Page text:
Friday, 22 August 2014

The greatness of the CBM

Another part of the excavation is the CBM - Project. CBM stands for "ceramic build material" and means the work with bricks and tiles. In many cases this material is quite underestimated even if it can offer many interesting points to support the interpretation of a site.
 

In a small context this can be a way to explain, in which ways ceramic build material was used to construct a structure. Maybe just a roof was made out of tiles or maybe just bricks were used to construct a floor or the frames of the windows. It gets more interesting, when you can figure out a re-use of material, as like you see by recording the material: For example at a certain point of a wall you see a huge amount of broken roof-tiles which originally belonged to a roof. This could point on for example on a later repairing phase in the history of the structure. For all this questions your local CBM-Team is ready to help you out!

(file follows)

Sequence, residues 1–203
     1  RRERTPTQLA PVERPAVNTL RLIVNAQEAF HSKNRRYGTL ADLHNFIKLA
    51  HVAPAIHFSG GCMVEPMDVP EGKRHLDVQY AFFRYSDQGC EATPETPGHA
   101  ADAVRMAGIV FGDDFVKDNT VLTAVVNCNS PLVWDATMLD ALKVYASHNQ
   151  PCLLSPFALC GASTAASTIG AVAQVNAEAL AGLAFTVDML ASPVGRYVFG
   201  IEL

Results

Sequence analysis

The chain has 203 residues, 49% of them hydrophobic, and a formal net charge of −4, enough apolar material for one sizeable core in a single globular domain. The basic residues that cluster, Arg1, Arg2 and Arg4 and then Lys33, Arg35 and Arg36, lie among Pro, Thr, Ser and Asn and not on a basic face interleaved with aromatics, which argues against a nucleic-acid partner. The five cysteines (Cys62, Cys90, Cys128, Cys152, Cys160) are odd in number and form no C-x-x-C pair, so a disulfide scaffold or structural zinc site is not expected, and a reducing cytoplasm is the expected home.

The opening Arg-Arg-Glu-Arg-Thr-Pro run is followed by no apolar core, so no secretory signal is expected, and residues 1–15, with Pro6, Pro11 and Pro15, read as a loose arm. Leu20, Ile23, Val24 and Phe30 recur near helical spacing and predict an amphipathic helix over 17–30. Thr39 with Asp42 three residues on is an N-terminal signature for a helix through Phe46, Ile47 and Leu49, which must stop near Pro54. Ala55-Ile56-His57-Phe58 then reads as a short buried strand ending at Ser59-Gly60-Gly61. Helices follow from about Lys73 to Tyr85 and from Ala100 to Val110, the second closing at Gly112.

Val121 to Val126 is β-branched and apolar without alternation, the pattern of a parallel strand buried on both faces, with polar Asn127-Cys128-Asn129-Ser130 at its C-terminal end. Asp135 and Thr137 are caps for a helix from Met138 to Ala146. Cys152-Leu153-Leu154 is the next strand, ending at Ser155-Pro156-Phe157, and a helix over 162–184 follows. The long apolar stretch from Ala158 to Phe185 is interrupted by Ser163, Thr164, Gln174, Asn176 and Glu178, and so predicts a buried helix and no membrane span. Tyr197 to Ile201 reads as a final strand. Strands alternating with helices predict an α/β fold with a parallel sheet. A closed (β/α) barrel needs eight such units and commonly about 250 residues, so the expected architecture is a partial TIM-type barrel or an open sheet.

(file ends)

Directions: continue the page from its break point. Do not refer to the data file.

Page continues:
Also in a larger context CBM can be quite useful: by analysing the material you get to be able to figure out connections between different structures. Maybe you are not able to date a single structure because the site offers you not a single clue, but by material analysis, stamps on the material etc. you can make a connection to another structure which is maybe several kilometres away and which can be dated. In this way you could get at least an approximate hint in which time your first structure could be dated.


How to analyse the material? For this you need samples for types and fabrics and by them you can record all the pieces you find during excavation. The pieces get measured by length, width and height and they get checked by type and by material. All this you record on recording sheets and later on you can see in a database how much of which material and which different types you found at your site. Than you should be able to give underlining information for the interpretation of the excavated structure.

Wednesday, 20 August 2014

Let's draw pottery!

One interesting aspect of find processing is the drawing of the finds. This means a technical drawing and not a creative picture, its purpose being to represent precisely the characteristics of a find. Not only interesting small finds made of pottery (Terra Sigillata, Turibula etc.), glass, bone and metal get drawn, but all the other pottery from different contexts as well. Except wall pieces all the fragments need to get drawn (rim- and bottom pieces, lids). This also applies for decorated and special/ unique pieces.